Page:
Ireland could collect more corporation tax under new plan

OECD director says double-Irish is over but that does not mean Ireland will lose business

Pascal Saint-Amans, director of the Centre for Tax Policy and Administration at the Organisation for Economic Co-operation and Development.

Pascal Saint-Amans, director of the Centre for Tax Policy and Administration at the Organisation for Economic Co-operation and Development.


The new global template for taxing multinationals could lead to more corporation tax being collected by Ireland, according to the head of the team behind the new plan.

Pascal Saint-Amans, director of the Centre for Tax Policy and Administration at the Organisation for Economic Co-operation and Development, was speaking as the OECD said that up to $240 billion (€213 billion) is being lost annually to exchequers around the world because of aggressive tax planning by multinationals.

The final report of the OECD’s Base Erosion and Profit Shifting (Beps) project has been published in Paris and looks set to be approved by the G20 heads of state later this year.

“This document sends out an extremely strong message to tax planners,” Mr Saint Amans told The Irish Times. “The process is now moving on to the implementation phase.”

He described the report as the “soft law” for global business taxation for the coming decades. The plan is the biggest development in global tax rules in a century.

From the point of view of Ireland’s interests, Mr Saint Amans said, the fact that the Beps plan seeks to create stronger links between where a multinational has its business substance, and where its profits are taxed, means that it should not be seen as a threat to Ireland’s crucial foreign direct investment sector.

A number of major multinationals, such as Microsoft, Facebook and Google, have substantial operations here that book their turnover from across Europe and further afield. However much of the related profits are booked in offshore locations such as Bermuda and the Cayman Islands. The Government has said it is to close down this structure, the so-called “double Irish”, by 2020, in part in response to the global controversy about restoring fairness to global tax planning.

Timeline: corporate tax

The double-Irish is over, Mr Saint Amans said. “But that does not mean Ireland will lose business. In fact I think quite the opposite. This should increase the taxation [collected in Ireland].”

The Beps project was commissioned by the G20 and is a response to concern at the way multinationals have been able to use mismatches between national laws and other aspects of the global tax system, to create aggressive tax planning structures.

“The stakes are high,” the final report says, with the amounts involved estimated as being “between 4 per cent and ten per cent of global corporation tax revenues, ie $100 billion to $240 billion, annually.”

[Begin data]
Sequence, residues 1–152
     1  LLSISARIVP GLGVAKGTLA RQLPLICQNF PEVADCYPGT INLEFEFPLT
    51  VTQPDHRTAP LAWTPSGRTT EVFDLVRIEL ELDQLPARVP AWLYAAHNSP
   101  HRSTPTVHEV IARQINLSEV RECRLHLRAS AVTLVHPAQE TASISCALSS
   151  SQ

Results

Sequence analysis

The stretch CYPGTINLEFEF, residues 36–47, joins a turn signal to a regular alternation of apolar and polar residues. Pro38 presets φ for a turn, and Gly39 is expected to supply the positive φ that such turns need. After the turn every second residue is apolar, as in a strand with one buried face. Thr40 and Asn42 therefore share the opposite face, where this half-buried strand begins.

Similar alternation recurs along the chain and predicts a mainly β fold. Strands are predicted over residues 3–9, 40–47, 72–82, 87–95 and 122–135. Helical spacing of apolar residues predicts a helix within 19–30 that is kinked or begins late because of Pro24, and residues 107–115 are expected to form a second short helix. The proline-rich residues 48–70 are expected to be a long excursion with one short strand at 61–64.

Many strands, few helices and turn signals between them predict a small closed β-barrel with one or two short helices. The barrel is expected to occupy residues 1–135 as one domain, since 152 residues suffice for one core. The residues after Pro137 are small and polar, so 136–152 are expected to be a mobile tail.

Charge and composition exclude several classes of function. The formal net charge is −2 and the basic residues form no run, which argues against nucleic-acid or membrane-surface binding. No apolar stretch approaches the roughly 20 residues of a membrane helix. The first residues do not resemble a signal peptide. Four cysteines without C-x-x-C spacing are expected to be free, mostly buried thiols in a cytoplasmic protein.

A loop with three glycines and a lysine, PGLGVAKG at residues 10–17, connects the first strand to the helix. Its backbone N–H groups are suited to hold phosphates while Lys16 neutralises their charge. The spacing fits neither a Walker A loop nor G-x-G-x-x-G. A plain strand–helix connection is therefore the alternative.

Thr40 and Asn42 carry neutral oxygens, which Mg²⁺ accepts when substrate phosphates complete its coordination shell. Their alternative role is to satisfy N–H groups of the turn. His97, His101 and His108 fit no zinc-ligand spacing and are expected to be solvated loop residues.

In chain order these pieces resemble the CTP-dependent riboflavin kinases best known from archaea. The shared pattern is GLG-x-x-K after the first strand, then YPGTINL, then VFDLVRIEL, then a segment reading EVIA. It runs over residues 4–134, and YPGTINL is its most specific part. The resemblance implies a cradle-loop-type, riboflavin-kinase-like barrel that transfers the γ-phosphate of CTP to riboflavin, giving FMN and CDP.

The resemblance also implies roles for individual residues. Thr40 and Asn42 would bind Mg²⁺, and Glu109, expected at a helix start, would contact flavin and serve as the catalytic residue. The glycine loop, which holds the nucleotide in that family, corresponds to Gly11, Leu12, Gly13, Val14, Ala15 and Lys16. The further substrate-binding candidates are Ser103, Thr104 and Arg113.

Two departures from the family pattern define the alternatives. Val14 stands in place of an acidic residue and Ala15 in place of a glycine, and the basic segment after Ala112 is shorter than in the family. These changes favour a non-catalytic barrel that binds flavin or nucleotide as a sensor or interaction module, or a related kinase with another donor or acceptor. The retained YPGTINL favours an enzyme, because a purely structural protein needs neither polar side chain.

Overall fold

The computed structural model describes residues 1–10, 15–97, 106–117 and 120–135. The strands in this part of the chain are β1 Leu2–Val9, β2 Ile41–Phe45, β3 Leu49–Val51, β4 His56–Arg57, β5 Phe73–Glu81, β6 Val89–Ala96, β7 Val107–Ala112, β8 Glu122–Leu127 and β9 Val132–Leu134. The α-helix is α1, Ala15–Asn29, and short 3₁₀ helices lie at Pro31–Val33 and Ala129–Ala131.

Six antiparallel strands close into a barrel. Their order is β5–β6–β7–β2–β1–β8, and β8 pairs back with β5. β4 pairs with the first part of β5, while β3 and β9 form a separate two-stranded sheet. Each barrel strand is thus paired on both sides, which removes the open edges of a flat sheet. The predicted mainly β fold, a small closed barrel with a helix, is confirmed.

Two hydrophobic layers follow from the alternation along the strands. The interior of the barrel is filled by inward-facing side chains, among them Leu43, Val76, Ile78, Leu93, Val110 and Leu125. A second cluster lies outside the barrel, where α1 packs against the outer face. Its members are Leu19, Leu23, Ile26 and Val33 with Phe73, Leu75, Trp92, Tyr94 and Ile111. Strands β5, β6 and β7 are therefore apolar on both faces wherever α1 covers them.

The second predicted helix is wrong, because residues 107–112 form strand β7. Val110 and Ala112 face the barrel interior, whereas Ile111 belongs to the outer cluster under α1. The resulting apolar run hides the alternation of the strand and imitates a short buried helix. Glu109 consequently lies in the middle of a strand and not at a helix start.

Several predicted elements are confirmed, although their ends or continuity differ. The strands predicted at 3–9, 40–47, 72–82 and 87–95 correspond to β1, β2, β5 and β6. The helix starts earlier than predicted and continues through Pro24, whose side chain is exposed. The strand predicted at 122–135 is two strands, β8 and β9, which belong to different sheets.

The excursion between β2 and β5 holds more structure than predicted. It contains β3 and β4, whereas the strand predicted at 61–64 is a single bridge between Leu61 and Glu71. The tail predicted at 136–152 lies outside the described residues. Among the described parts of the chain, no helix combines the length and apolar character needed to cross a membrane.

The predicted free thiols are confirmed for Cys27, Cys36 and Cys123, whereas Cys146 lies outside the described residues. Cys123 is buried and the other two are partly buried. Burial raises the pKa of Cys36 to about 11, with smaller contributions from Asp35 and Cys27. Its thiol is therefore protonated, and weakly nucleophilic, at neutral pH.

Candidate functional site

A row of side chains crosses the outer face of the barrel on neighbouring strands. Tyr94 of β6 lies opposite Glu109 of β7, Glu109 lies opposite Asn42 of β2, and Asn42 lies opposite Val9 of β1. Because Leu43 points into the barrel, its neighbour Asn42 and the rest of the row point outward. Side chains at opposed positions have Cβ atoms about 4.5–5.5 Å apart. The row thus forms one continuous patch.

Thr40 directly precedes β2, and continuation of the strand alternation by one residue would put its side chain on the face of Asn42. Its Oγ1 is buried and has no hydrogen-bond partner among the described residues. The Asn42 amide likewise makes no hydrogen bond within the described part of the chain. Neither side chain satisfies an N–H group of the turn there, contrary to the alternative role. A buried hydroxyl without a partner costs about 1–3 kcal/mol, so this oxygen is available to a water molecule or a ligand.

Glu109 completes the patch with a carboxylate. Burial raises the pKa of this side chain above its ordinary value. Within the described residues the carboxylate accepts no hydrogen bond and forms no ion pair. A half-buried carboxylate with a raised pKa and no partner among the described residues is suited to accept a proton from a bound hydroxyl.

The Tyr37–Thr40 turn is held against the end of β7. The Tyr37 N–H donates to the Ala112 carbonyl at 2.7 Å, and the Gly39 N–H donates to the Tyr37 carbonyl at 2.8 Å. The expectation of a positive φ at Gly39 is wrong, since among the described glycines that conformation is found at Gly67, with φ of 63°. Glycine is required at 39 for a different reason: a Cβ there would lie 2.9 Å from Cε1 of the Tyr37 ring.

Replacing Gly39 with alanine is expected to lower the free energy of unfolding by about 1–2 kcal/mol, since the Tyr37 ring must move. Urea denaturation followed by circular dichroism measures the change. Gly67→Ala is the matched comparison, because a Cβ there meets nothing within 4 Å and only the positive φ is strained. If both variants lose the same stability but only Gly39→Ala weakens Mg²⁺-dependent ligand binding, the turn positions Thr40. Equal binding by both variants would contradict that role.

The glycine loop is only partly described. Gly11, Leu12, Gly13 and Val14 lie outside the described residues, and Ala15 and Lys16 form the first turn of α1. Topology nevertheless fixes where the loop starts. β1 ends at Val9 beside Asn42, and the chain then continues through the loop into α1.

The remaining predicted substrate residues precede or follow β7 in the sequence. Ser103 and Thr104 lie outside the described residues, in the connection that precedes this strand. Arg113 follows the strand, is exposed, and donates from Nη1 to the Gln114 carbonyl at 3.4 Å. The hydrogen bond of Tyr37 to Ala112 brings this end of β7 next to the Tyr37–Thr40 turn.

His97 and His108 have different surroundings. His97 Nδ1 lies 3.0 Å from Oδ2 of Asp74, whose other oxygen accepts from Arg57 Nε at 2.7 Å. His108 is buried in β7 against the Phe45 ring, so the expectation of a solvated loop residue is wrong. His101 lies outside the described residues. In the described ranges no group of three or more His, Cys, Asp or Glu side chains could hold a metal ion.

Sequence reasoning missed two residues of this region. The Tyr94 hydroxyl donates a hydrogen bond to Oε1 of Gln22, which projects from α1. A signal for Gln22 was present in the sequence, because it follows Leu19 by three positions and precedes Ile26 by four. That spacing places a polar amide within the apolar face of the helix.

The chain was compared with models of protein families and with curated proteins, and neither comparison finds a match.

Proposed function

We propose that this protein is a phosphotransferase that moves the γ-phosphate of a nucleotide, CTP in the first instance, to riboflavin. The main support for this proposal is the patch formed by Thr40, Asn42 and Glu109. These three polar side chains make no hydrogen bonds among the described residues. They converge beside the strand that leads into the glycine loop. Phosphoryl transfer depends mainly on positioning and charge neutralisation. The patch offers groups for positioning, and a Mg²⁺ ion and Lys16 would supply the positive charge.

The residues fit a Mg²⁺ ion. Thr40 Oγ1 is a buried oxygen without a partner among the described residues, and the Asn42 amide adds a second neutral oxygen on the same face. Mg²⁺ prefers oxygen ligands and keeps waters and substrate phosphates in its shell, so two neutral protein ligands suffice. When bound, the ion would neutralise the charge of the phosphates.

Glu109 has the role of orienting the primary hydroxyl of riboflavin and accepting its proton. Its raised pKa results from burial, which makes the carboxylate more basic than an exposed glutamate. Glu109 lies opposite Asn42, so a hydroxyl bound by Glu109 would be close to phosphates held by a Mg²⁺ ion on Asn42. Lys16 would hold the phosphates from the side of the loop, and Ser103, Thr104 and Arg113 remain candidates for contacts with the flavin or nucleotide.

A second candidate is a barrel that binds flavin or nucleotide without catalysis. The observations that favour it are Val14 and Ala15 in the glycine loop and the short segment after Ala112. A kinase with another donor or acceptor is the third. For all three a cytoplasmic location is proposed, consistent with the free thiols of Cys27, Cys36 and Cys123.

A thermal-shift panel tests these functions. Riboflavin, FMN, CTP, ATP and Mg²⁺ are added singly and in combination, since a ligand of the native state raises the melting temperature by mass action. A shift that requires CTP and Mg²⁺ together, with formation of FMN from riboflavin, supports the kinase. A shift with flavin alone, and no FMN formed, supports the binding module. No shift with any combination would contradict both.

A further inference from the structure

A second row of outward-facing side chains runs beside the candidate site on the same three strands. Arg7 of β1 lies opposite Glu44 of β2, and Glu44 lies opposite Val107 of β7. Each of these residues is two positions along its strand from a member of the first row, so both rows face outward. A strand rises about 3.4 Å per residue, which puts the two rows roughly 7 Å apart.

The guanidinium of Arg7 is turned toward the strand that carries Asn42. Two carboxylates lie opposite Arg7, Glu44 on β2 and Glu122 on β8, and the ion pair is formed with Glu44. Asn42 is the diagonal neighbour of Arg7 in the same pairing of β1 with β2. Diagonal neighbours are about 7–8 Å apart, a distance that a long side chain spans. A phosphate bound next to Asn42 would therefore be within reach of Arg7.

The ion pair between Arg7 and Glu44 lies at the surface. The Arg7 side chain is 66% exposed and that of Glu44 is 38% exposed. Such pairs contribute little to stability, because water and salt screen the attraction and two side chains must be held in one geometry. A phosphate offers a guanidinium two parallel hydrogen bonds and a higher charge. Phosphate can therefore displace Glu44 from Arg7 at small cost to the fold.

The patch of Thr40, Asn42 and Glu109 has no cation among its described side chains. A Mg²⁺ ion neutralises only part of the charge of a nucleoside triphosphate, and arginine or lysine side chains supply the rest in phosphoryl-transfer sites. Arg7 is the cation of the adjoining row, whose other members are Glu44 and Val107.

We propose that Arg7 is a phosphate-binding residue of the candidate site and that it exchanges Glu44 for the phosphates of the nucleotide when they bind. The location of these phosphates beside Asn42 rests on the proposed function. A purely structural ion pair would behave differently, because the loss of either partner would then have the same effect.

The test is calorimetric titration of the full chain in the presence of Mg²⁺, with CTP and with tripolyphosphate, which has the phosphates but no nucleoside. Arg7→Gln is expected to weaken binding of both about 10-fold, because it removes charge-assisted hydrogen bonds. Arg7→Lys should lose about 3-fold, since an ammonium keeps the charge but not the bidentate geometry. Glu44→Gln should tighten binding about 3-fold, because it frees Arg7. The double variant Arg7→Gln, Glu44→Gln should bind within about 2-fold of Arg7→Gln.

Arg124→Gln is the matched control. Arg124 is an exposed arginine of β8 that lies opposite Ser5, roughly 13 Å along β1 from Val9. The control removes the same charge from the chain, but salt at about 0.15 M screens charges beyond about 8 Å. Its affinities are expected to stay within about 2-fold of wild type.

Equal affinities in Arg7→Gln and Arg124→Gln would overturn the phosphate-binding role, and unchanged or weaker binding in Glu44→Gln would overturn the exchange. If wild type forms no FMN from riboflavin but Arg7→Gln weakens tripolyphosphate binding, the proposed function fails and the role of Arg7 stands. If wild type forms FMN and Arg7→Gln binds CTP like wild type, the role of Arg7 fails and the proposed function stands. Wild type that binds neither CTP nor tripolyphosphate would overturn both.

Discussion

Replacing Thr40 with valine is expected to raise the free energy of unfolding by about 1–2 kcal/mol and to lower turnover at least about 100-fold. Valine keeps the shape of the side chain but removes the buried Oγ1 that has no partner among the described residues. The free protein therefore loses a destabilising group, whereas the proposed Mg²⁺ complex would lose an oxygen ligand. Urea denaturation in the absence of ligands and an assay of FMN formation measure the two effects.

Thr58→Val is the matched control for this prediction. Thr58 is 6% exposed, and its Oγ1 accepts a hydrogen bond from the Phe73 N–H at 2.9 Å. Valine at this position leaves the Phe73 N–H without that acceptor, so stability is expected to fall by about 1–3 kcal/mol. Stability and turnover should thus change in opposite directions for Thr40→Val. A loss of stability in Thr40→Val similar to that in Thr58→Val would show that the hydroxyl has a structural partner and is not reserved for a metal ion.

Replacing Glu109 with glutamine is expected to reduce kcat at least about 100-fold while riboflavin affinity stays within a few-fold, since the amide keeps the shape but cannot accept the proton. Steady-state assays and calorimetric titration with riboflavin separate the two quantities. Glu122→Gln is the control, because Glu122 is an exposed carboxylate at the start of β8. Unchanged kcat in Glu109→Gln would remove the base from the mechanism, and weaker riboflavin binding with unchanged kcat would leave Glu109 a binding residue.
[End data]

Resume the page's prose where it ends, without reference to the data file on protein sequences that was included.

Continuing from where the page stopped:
The research indicates that multinational subsidiaries in low tax countries report almost twice the profits, relative to assets, of their global group, and the report is an effort to counter this.

The final report covers such areas as so-called hybrid financial products that facilitate aggressive tax strategies, treaty measures aimed at preventing double taxation that have led to double non-taxation, and the introduction of confidential country-by-country reports that will see revenue authorities get a clearer picture of how multinationals are structured.

The report is an agreed one at a technical level but some measures are more accepted than others, with the position to be taken by the Republican Party in the US among the major issues complicating the drive towards a new global regime.

While the Beps document says there is an urgent need to restore the trust of ordinary people in the tax system, many organisations campaigning for developing countries say the Beps plan does not go far enough in helping poorer countries get their fair share of tax from multinationals.

Among the forces driving the Beps process are fears that governments, in response to public concern about how little tax huge and profitable multinationals are paying, will introduce unilateral measures that will complicate the global market. Also, multinationals are becoming more and more concerned about the reputational damage they suffer by way of controversy over the amount of tax they pay.

On the other hand, the world’s largest economies want to ensure that the redrawing of the global rules on the taxation of multinationals, does not run contrary to their interests.

Peter Reilly, the Beps Policy Leader with PwC in Ireland, said the report has been produced within a tight timeframe and while it did not achieve all it set out to achieve, “it is still the biggest change in one hundred years in the area of international taxation.”

On balance, he said, he believed the report was positive from the perspective of “Ireland Inc”.

However, he said Ireland will need to ensure the Beps plan does not create disadvantages for smaller economies, especially by way of changes to the international tax treaty network.